Friday, August 26, 2011

BBC History of World War II: Hiroshima ...Documentary...

LPP First Draft...

Obama Dithers, Castro Represses

Friday, August 26, 2011
Excerpt from Jennifer Rubin's "Cuban women fight for freedom" in The Washington Post:

[H]ow does the current administration behave in an era of such bravery by the Cuban people, who do not cower in the sight of the boot of the communist regime? Oh, not a peep from the White House since American Jew Alan Gross’s appeal was denied. And, no, we haven’t tightened up on those travel rules yet. We have, in short, lost our way, even though the Cubans have not.

How has the Castro dictatorship treated our acquiescence? “Cuba’s communist government has tightened controls on dissidents in recent months, amid speculation that it is concerned about possible eruptions of street unrest as it puts in place some tough economic reforms, or a possible spread of the protests in the Middle East.” President Obama dithers; the Castro regime represses.

Case in Point

"I think the law should be the same for everyone. I'm a political exile because I was persecuted in Venezuela. I cannot return; it should be the same for Cubans."

-- Cecilia Matos of Weston, FL, on Congressional efforts to amend the Cuban Adjustment Act, El Sentinel (Spanish version of the Sun-Sentinel newspaper), 8/25/11

Pitbull Talks Cuba (and Represents)

The U.K.'s Guardian newspaper talks with young, Cuban-American, hip-hop icon Pitbull:

Pitbull's political side might come as a surprise – unless you'd paid attention to his album titles. El Mariel, from 2006, and The Boatlift, from 2007, refer to the mass emigration of Cubans to Florida in 1980 – an exodus Pitbull's father helped organise. His grandmother fought for Fidel Castro in the Cuban revolutionary war, but sent her daughters – his mother and aunt – to the US during Operation Peter Pan in the 1960s, when "it became clear he wasn't the best for the country", Pitbull says. Though he raves about playing all over the world, there is one country he refuses to set foot in: "I won't perform in Cuba until there's no more Castro and there's a free Cuba. To me, Cuba's the biggest prison in the world, and I would be very hypocritical were I to perform there. The people in Cuba, they know what I stand for, and there's a lot of people in Cuba that stand for the same. But they can't say it." He makes sure to call out any acquaintances he sees wearing a Che Guevara T-shirt. "It's like wearing an Adolf Hitler T-shirt and not knowing," he sniffs disapprovingly. "You're gonna offend a lot of people."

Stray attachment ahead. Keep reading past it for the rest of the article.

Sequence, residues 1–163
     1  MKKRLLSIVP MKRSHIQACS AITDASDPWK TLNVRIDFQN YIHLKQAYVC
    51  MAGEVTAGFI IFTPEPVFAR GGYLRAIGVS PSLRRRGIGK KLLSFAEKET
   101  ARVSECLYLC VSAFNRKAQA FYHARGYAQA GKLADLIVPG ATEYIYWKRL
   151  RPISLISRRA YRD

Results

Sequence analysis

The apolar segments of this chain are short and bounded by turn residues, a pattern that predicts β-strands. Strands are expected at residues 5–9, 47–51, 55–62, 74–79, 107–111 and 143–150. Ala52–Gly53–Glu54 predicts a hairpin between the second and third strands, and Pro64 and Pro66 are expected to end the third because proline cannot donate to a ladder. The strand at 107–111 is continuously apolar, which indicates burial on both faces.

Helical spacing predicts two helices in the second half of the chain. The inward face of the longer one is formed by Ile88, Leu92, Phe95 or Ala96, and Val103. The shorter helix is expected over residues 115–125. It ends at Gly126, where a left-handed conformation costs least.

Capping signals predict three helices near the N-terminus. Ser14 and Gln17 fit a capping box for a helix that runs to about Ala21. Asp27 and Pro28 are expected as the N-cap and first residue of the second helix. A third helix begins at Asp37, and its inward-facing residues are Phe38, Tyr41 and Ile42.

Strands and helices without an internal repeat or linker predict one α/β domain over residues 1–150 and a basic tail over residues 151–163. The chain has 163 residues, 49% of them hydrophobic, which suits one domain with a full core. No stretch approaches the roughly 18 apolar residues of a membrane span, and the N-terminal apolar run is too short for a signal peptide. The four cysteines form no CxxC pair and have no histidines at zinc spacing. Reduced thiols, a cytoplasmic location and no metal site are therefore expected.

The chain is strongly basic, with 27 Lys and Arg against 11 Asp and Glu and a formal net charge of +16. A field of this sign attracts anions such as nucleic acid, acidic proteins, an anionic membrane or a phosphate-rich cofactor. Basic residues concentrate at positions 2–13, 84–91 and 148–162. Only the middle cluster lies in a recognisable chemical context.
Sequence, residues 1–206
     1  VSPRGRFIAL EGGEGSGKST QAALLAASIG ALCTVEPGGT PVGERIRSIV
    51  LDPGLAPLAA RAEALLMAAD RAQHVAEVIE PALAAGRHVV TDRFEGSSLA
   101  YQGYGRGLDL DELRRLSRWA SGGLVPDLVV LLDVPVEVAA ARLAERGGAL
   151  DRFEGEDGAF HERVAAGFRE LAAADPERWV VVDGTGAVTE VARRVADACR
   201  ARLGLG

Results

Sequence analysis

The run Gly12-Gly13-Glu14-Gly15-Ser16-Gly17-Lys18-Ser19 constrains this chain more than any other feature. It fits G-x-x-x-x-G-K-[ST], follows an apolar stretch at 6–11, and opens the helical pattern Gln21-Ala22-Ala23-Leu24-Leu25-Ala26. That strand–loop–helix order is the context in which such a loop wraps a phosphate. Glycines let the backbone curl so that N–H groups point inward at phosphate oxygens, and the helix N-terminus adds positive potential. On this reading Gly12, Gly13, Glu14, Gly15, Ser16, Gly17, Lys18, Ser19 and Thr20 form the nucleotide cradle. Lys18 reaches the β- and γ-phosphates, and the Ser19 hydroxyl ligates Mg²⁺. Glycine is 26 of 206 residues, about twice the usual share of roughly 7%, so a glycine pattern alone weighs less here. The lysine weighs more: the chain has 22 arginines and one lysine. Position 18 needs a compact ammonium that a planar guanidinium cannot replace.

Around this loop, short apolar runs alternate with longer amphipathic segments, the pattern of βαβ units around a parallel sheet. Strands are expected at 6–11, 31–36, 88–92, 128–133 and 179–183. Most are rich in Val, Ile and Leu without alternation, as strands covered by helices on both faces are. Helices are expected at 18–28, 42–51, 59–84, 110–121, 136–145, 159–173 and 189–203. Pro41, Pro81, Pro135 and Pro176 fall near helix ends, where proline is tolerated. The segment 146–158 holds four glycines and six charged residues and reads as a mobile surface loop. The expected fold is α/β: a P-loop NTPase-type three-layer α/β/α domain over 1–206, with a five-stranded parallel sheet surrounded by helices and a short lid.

House of Representatives

House Rep Slams U.N. After Cuba Succeeds N. Korea at Helm of Nuclear Panel

Published August 26, 2011
A top House lawmaker ridiculed the United Nations after Cuba assumed the rotating presidency of a nuclear arms control panel, replacing North Korea at the helm of the group. 
Cuba succeeded North Korea on the 65-member U.N. Disarmament Conference in Geneva. 
"It's hard to fathom a more ludicrous image than Kim Jong Il passing the chair of the Conference on Disarmament to the Castro brothers, but that's what passes for change at the U.N.," said Rep. Ileana Ros-Lehtinen, R-Fla., chairwoman of the House Foreign Affairs Committee. 
U.N. watchdogs were outraged when North Korea took the helm earlier this year despite its breaches of arms embargoes and threats to expand its own nuclear program. 
Ros-Lehtinen expressed concern that Cuba would "exploit" its new position to "distract from the increasing threat of proliferation posed by its allies Iran, North Korea and Syria." She called for new "membership and leadership standards" for U.N. organizations. 
"There is simply too much at stake to allow the likes of North Korea and Cuba to be at the helm of arms control bodies, or to allow human rights abusers to serve on the Human Rights Council, as Cuba, China, and Russia do, and as Libya did until recently," she said in a statement. The lawmaker is pushing a bill in Congress to condition U.S. funding for the United Nations on reforms.